“Delete any tasks that are nice but unnecessary,” said Julie Morgenstern, a productivity expert. Then choose what you can diminish — for example, ordering takeout instead of making a meal from scratch — and what you can delegate — like asking someone on your team to respond to a new-business request instead of handling it yourself.
2. Schedule your to-do’s
“I tell all my clients to integrate their to-do lists into their calendars,” Ms. Morgenstern said. For recurring tasks, like replying to email, try batching: Rather than replying as soon as a message comes in, settle on a few times throughout the day to deal with your inbox. And if there’s a message you can’t — or shouldn’t — bang out quickly, schedule it.
“I have an old friend who takes forever to reply to emails,” Dr. Rosenbaum said. “So even though I’m very type-A, I deliberately refrain from writing back to him for six weeks. Not responding immediately takes the pressure off of others and yourself.”
3. Schedule your to-be’s, too
“What’s important in life? Health, your family and love,” Dr. Zhu said. “But some of us never schedule a potentially lifesaving checkup or go on a hike with our kids because there’s no deadline.”
If it’ll matter to you on your deathbed, put it on your calendar. Plan your day to include time for activities that are meaningful but not necessarily “productive,” such as meditating or spending quality time with your significant other.
4. Redefine progress
It sounds counterintuitive, but slowing down can help you make up time in the end.
When tackling a creative task, whether it’s redecorating your living room or writing a proposal, “the first phase should be generating a certain number of ideas,” Dr. Grant said.
“You shouldn’t measure your initial progress by how many words you’ve written or how many brush strokes you’ve made, but how many possibilities you’ve put on the table.”B:
黄大仙救世报红组统一【李】【氏】【财】【团】【这】【次】【大】【张】【旗】【鼓】【的】【宣】【布】【进】【军】【东】【南】【亚】【市】【场】，【也】【让】【亨】【利】·【凯】【瑟】【克】【和】【沈】【弼】【等】【人】【松】【了】【一】【口】【气】，**【宇】【用】【行】【动】【表】【明】【这】【次】【李】【雪】【兰】【的】【事】【情】【他】【没】【有】【把】【矛】【头】【对】【向】【英】【资】【财】【团】。 【而】【这】【次】【李】【氏】【财】【团】【突】【然】【派】【出】【多】【位】【高】【层】【前】【往】【东】【南】【亚】【几】【国】【开】【辟】【市】【场】，【是】【不】【是】【已】【经】【发】【现】【了】【什】【么】【问】【题】，【亨】【利】·【凯】【瑟】【克】【几】【人】【不】【得】【而】【知】。 【这】【个】【时】【候】【他】【们】【也】【只】【能】【够】【继】
【花】【白】【头】【发】【的】【老】【者】【根】【本】【就】【没】【有】【看】【龙】【展】【颜】【一】【眼】，【便】【走】【到】【桌】【上】，【迫】【不】【及】【待】【的】【打】【起】【那】【个】【瓶】【子】，【倒】【出】【一】【粒】【洗】【髓】【丹】【来】，【他】【用】【鼻】【子】【细】【细】【的】【闻】【着】。 【看】【着】【老】【者】【那】【那】【滑】【稽】【的】【模】【样】，【龙】【展】【颜】【忍】【不】【住】【笑】【了】【起】【来】。 【过】【了】【有】【五】【分】【钟】【左】【右】，【那】【花】【白】【头】【发】【的】【老】【者】【拿】【起】【那】【枚】【宗】【级】【洗】【髓】【丹】，【走】【到】【阳】【光】【下】，【细】【细】【观】【望】【了】【许】【久】。 【又】【小】【心】【翼】【翼】【的】【放】【在】【自】【己】【的】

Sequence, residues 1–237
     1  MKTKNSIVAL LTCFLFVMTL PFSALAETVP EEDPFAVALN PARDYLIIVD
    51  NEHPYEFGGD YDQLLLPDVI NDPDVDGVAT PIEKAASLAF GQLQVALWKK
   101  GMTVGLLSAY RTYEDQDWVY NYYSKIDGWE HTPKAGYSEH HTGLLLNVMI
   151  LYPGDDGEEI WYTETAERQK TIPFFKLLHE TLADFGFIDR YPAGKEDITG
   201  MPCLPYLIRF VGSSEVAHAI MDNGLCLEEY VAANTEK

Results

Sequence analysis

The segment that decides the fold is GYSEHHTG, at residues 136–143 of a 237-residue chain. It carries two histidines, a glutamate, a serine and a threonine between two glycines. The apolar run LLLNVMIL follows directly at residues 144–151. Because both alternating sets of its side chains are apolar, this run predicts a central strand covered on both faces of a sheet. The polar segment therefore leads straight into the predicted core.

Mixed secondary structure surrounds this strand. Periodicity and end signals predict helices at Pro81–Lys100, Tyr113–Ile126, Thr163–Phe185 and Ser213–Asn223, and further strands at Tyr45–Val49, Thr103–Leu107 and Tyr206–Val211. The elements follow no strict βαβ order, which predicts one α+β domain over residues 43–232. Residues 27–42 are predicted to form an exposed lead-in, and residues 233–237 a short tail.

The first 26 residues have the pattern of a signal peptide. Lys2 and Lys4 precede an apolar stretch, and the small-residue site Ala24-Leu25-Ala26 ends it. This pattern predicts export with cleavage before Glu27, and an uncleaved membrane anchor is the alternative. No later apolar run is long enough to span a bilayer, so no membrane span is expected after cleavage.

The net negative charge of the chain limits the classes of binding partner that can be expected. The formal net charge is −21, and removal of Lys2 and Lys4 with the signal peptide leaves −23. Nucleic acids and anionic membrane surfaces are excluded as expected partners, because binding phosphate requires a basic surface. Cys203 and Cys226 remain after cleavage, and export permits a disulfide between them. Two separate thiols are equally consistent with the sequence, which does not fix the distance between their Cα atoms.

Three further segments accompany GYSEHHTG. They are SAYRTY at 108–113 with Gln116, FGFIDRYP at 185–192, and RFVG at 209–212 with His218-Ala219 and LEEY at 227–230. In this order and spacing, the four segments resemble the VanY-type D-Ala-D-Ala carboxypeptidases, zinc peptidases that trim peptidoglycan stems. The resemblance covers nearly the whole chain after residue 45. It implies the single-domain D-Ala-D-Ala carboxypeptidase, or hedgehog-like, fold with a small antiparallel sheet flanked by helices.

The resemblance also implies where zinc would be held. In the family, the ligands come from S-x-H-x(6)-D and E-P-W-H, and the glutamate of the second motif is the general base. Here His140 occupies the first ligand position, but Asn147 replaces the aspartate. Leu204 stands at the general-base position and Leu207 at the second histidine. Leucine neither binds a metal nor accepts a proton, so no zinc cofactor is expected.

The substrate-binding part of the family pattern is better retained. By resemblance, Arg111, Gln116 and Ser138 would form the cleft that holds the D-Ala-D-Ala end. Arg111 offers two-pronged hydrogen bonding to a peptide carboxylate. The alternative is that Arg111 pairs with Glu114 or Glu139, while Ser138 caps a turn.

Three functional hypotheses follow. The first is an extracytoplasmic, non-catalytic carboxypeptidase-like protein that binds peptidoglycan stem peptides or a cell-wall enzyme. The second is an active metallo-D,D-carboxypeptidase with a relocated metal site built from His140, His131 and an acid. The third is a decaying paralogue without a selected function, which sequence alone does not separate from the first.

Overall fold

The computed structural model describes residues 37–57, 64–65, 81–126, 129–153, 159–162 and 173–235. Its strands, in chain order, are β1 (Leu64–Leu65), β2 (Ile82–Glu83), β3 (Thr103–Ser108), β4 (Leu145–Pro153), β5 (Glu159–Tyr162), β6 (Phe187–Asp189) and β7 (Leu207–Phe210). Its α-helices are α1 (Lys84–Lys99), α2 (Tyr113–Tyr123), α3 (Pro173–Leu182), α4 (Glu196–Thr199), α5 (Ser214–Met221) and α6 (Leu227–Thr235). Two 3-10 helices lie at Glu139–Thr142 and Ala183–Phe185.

【众】【仙】【贺】【道】：“【恭】【祝】【吾】【皇】【寿】【与】【天】【齐】，【娘】【娘】【万】【福】【金】【安】！” 【玉】【帝】【道】：“【众】【爱】【卿】【平】【身】。【今】【日】【蟠】【桃】【盛】【会】，【气】【象】【犹】【胜】【往】【日】。【朕】【赐】【每】【位】【爱】【卿】【金】【丹】【一】【粒】，【御】【酒】【一】【斛】，【聊】【以】【助】【兴】！” 【众】【仙】【一】【听】【心】【中】【大】【喜】，【谢】【恩】【之】【后】【车】【轮】【般】【上】【前】【敬】【酒】。 【玉】【帝】【也】【是】【江】【海】【之】【量】，【千】【杯】【万】【盏】【后】【并】【无】【醉】【意】，【反】【而】【精】【神】【焕】【发】，【连】【声】【道】：“【猜】【拳】【行】【令】【者】【排】【好】【队】，
【若】【枫】【妈】【妈】【兴】【致】【勃】【勃】【地】【张】【罗】【着】【饭】【桌】，【每】【一】【道】【菜】【都】【是】【她】【精】【心】【为】【儿】【子】【准】【备】【的】，【自】【从】【韩】【若】【枫】【从】【家】【里】【搬】【出】【去】【住】【之】【后】，【别】【说】【见】【他】【一】【面】，【就】【是】【偶】【尔】【吃】【顿】【饭】【都】【成】【了】【奢】【望】，【好】【不】【容】【易】【逮】【着】【了】【机】【会】，【她】【真】【恨】【不】【得】【把】【儿】【子】【栓】【在】【家】【几】【天】【好】【好】【陪】【陪】【自】【己】。 “【他】【爸】，【你】【打】【电】【话】【再】【问】【问】【他】【到】【哪】【儿】【了】，【这】【饭】【菜】【都】【要】【凉】【啦】。”【若】【枫】【妈】【刚】【说】【完】，【门】【口】【已】【经】【传】【来】黄大仙救世报红组统一【他】【顿】【了】【顿】，【才】【目】【光】【凝】【住】：“【更】【何】【况】【这】【家】【伙】【据】【说】【已】【经】【上】【了】【图】【书】【馆】【最】【具】【潜】【力】【少】【年】【观】【察】【榜】【第】【三】【名】……” “【那】【第】【一】【名】【是】【谁】？” “【是】【一】【个】【女】【孩】【儿】，【据】【说】【已】【经】【消】【失】【了】【一】【段】【时】【间】。” “【第】【二】【名】【呢】？” “【也】【是】【一】【个】【女】【孩】【儿】，【据】【说】【还】【在】，【实】【力】【很】【强】【大】【的】【样】【子】。” “【你】【不】【知】【道】【她】【们】【到】【底】【是】【谁】【吗】？” “【废】【话】，【你】【以】【为】【我】
“【方】【言】【辙】【这】【家】【伙】【真】【是】【讨】【厌】【啊】！”【正】【是】【因】【为】【这】【句】【话】，【场】【上】【所】【有】【人】【都】【变】【得】【沉】【默】【了】【起】【来】，【刘】【浩】【更】【是】【忍】【不】【住】【嘀】【咕】【了】【一】【句】。 【声】【音】【很】【小】，【方】【言】【辙】【是】【听】【不】【到】，【但】【直】【播】【间】【的】【观】【众】【们】【可】【都】【听】【到】【了】。 “【是】【挺】【讨】【厌】【的】，【畏】【畏】【缩】【缩】，【还】***【呢】。” “【方】【言】【辙】【真】【是】【怂】【的】【不】【像】【话】【啊】！” “【真】【是】【把】【我】【们】【急】【死】【了】，【这】【么】【好】【的】【机】【会】【怕】【什】【么】【啊】
【阮】【二】【哥】【不】【禁】【摸】【着】【自】【己】【的】【脸】，【难】【道】【他】【长】【得】【不】【好】【看】？ 【陷】【入】【怀】【疑】【的】【阮】【二】【哥】【从】【衣】【襟】【里】【摸】【出】【来】【一】【块】【巴】【掌】【大】【的】【铜】【镜】，【看】【着】【里】【面】【的】【人】，【挺】【好】【看】【啊】。 【瞧】【瞧】，【这】【眉】【眼】【多】【精】【致】！ 【这】【唇】【瓣】【多】【饱】【满】！ 【还】【有】【这】【一】【头】【秀】【发】，【白】【皙】【的】【肌】【肤】，【他】【是】【女】【人】【都】【心】【动】！ “【囡】【囡】，【你】【想】【要】【人】【多】【一】【起】【玩】【热】【闹】，【可】【以】【喊】【上】【小】【一】【小】【二】，【而】【且】【这】【不】【是】【还】【有】